When Kentucky Headhunters singer-guitarist Richard Young first heard The Georgia Thunderbolts onstage, it jolted him right out of his tour bus. He ran to the stage to see what his band was going to have to do to outshine his opening act. “I kinda felt like I had uncovered a time capsule from ’72,” he told me in a 2020 interview. “Like I just dug ’em up out of the ground, and they just never got found in the ’70s.”
Young thought enough of the band to let them open a few shows for the Headhunters, but had no idea of their full potential ’til he heard them cut loose on stage at that festival in Georgia a few years back.
Young has high praise for the Thunderbolts lead singer, TJ Lyle, calling him a cross between Scottish soul man Frankie Miller, vocalist Mickey Thomas (soloist on “Fooled Around and Fell in Love” with The Elvin Bishop Band and Jefferson Starship), and Ray Charles. “He’s badass, I’m tellin ya,” says Young, who now manages the Thunderbolts and co-wrote five of the songs on their debut album, Can We Get a Witness.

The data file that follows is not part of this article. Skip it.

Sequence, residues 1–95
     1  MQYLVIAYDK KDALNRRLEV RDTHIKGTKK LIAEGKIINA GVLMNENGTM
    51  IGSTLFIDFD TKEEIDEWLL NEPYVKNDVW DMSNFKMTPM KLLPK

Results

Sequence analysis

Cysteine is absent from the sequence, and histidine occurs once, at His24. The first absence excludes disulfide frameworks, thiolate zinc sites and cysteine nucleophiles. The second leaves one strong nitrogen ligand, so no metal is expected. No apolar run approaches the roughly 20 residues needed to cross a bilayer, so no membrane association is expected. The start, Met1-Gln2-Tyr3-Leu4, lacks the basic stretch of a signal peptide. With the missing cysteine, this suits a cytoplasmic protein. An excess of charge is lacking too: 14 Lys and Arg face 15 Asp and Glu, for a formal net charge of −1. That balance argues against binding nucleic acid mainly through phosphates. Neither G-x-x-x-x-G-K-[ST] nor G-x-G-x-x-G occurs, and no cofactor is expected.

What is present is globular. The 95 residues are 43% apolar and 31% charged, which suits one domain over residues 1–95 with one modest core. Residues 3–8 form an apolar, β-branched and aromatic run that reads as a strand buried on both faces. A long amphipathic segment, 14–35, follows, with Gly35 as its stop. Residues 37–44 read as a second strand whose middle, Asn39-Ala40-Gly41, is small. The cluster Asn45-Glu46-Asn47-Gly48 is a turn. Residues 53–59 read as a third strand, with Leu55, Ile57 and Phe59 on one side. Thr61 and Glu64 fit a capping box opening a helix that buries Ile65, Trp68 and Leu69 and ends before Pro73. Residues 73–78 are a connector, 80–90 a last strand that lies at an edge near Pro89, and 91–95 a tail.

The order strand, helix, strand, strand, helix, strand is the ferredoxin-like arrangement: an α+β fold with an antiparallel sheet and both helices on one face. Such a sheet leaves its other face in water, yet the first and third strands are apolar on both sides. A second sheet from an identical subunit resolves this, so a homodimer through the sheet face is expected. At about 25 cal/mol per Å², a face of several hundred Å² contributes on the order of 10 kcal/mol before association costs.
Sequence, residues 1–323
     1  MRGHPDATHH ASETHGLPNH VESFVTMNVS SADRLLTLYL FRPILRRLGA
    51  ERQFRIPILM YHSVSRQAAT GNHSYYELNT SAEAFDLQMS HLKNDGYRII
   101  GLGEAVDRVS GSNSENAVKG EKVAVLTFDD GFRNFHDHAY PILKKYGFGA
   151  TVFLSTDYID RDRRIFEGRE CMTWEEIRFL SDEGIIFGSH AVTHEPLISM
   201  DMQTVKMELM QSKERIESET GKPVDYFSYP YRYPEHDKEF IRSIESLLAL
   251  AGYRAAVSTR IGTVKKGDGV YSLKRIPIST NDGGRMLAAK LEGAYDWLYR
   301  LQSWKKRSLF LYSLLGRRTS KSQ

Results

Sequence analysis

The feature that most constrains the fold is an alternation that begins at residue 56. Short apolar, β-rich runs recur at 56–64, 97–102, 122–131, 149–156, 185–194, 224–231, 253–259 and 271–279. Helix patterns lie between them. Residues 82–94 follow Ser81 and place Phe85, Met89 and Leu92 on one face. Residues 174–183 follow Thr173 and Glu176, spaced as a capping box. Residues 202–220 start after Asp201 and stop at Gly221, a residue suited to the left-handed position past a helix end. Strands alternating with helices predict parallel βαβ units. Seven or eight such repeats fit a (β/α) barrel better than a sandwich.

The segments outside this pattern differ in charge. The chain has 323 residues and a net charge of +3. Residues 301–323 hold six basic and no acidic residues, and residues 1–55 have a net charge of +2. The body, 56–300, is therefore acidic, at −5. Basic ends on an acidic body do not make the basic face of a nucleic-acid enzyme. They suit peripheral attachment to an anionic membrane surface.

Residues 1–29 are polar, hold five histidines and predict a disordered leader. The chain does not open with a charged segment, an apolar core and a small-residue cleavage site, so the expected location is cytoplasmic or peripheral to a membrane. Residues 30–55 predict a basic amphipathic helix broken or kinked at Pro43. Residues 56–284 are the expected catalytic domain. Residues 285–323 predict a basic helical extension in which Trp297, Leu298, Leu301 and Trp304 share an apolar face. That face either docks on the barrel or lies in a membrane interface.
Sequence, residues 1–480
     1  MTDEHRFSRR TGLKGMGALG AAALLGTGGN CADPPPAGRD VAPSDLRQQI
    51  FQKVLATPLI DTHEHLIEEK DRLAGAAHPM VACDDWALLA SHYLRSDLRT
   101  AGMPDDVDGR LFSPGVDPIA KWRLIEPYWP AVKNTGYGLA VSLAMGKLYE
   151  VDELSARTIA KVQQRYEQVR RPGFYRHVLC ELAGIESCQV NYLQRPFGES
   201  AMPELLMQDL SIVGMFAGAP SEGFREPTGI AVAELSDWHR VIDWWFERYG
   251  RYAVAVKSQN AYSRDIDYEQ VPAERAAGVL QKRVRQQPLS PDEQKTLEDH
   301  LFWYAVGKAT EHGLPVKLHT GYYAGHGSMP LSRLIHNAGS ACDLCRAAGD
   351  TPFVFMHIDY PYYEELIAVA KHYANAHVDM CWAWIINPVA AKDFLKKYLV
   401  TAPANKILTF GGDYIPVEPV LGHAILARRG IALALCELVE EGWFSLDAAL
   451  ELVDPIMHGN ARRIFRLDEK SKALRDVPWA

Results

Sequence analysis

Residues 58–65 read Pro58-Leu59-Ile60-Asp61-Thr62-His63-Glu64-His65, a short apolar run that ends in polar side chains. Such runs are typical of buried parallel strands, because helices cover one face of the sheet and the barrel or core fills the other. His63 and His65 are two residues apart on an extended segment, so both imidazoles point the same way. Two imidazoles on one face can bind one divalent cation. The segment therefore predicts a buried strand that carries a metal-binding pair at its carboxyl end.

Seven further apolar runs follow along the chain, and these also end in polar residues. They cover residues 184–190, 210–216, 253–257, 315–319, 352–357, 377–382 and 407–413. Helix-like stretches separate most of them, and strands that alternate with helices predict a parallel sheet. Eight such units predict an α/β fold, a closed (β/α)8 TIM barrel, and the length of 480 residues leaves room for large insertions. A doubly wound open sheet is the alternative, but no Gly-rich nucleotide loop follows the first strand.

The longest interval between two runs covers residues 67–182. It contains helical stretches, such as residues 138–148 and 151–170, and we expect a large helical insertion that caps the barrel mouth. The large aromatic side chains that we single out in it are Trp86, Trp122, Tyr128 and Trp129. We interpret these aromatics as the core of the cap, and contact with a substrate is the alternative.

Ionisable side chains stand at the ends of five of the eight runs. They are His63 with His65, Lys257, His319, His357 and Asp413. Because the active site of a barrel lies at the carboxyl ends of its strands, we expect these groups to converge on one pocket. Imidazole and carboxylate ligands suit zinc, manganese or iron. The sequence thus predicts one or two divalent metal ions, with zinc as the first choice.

New Southern rock is a pretty good descriptor for the Bolts. “Looking for an Old Friend” sounds like Ronnie Van Zandt-era Lynyrd Skynyrd backed by Dan Baird and the Georgia Satellites.
But there’s plenty of Southern soul in these boys’ throats and hands as well. “Be Good to Yourself” was one of Frankie Miller’s signature tunes, and Lyle hits all the marks. It’s raw ’70s soul, and the Thunderbolts manage to preserve its integrity while Southernizing it a tad, substituting some mint julep harmonies for the blistering guitar break on the original, simultaneously giving it a big bottom-end boost courtesy of bassist Zach Everett and drummer Bristol Perry.
The Skynyrd tag is gonna haunt ’em some, but there’s much more in their trick bag. The title cut is headbanger fodder, a defiant I-showed-up-the-naysayers anthem: “All the doubt they had about me / now they know they were wrong,” Lyle proclaims triumphantly as the band thunders threateningly around him.
Lyle adds some Robert Plant tonsil aerobatics to a cover of “Midnight Rider” that crosses the Allmans with Led Zep for a metallic Georgia longhair-flinging festival.
Can We Get a Witness is a good one from some up-and-coming good ol’ boys looking for a sweet home of their own, on their own terms.